As time went on we wrote about Oil & Gas Industry PR campaigns like Ethical Oil, Clean Coal, Climate Gate. It became clear these campaigns weren’t just about deceptive persuasion. They were really an attempt to shut down public spaces.
I now think of propaganda as a war on the public square. On the surface the message appears to be, climate change is a hoax, but there is another narrative created through ad homonym attacks on scientists and cloaking science with partisan tribal meaning. That narrative builds the impression was that everyone is biased, there is no objectivity, there are no facts and you can’t trust anyone to speak for the collective. Everyone is just in it for himself or herself. So why bother with public discourse.
The goal is to get groups thinking: people like us don’t believe in climate change, if you believe in climate change you can’t be one of us you must be one of them.
If you can turn a scientific issue into a tribal issue there isn’t any need to persuade, open-minded thinking just shuts down on its own, motivated reasoning and confirmation bias take over.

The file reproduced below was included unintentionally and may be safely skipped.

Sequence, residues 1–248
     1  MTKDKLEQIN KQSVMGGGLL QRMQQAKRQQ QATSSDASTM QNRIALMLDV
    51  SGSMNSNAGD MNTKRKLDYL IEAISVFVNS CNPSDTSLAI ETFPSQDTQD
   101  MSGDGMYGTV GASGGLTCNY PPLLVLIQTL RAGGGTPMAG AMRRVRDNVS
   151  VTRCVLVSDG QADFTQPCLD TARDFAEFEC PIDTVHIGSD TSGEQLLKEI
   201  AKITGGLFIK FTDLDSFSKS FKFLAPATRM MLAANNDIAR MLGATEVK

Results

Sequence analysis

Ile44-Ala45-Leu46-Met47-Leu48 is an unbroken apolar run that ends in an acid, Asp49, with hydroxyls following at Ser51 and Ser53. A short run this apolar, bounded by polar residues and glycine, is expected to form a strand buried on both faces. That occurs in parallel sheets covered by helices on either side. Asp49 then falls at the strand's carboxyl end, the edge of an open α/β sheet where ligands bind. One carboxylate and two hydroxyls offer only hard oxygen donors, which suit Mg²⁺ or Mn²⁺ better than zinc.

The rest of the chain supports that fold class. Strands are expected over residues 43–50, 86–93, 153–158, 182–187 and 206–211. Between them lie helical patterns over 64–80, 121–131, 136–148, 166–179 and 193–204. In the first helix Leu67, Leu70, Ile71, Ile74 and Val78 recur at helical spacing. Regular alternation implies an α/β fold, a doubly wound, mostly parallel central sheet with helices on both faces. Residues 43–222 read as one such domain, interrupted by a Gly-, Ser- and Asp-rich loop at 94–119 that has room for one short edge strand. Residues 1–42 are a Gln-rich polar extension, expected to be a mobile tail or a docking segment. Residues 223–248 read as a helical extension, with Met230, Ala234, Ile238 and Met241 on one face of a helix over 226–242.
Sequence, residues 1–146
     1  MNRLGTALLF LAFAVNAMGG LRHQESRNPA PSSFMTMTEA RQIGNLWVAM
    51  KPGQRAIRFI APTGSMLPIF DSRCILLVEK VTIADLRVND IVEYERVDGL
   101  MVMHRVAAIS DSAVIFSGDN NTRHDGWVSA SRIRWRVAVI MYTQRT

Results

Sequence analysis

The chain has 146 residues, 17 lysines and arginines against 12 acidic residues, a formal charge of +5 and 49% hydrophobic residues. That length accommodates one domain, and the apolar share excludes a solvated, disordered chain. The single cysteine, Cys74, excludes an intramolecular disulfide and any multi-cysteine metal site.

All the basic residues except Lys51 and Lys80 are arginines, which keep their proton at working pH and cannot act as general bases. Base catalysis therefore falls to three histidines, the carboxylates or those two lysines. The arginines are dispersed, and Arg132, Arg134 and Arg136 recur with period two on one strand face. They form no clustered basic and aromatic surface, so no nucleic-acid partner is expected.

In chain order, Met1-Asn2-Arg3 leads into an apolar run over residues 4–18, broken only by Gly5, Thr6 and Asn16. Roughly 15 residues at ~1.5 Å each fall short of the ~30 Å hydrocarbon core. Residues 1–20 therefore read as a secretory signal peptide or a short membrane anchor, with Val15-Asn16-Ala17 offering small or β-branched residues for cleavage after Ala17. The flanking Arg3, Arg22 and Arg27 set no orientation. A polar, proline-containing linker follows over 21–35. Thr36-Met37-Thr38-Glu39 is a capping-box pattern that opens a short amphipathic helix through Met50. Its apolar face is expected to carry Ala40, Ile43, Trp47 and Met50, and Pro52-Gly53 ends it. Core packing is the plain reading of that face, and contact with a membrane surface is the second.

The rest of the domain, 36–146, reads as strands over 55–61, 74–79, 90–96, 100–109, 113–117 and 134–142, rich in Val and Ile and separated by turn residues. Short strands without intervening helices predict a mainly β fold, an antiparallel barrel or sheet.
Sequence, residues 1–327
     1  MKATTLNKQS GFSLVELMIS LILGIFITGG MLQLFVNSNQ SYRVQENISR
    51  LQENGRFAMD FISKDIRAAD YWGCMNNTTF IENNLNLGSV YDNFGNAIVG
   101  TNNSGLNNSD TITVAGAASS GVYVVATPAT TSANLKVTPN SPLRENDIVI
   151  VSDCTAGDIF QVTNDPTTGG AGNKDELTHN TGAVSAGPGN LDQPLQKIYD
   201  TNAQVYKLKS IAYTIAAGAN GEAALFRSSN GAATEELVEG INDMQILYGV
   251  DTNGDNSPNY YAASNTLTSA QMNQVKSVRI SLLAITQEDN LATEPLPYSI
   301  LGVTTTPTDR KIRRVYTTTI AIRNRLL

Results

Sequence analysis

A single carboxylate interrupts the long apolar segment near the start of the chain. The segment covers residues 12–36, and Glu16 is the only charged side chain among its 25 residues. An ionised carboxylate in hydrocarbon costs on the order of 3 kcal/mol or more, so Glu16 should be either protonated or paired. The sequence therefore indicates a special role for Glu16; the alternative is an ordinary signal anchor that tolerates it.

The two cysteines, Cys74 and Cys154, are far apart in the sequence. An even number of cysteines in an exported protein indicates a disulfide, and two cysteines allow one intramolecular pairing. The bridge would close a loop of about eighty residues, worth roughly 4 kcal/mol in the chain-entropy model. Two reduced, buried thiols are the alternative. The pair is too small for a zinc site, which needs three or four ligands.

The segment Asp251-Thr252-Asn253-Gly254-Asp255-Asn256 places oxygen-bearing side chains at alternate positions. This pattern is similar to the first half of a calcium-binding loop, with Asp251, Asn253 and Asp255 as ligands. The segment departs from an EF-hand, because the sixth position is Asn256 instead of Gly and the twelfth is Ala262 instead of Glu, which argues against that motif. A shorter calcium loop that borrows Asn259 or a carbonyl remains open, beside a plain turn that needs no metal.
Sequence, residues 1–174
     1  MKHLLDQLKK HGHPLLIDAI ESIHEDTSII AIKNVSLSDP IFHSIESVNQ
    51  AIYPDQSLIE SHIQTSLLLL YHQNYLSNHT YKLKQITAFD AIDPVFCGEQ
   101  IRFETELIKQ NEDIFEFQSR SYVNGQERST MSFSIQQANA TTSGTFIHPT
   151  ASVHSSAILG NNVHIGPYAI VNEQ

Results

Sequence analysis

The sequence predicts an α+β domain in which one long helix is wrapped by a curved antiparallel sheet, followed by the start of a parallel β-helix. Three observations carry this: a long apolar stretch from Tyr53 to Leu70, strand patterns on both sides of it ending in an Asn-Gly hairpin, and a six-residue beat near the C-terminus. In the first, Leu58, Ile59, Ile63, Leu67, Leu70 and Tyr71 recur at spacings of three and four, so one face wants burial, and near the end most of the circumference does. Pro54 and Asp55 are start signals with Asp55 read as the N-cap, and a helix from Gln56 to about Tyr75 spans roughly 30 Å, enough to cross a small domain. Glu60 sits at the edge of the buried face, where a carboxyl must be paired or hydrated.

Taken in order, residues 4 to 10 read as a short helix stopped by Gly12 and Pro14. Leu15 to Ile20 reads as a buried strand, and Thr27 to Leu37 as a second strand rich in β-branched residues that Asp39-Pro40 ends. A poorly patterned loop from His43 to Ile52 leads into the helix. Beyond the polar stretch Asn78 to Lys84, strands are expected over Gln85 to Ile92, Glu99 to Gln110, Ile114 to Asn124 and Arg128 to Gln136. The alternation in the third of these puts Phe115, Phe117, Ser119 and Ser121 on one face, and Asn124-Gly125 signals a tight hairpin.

This is why facts usually don’t clear things up and we need to be careful with the polarization. Public stories for change need to speak to hearts and values with a strong emotional dialogue that is pluralistic and less polarizing.
KK – It seems like the discourse around Climate Change isn’t the only thing that is polluted lately. Your book and it’s key premise seem particularly relevant when viewed through the lens of politics and the recent US election. Where do you point your finger?
JH – I point the finger at the corruption I described earlier. It is a new style of political communication that works across all controversial issues from immigration, gun control to energy.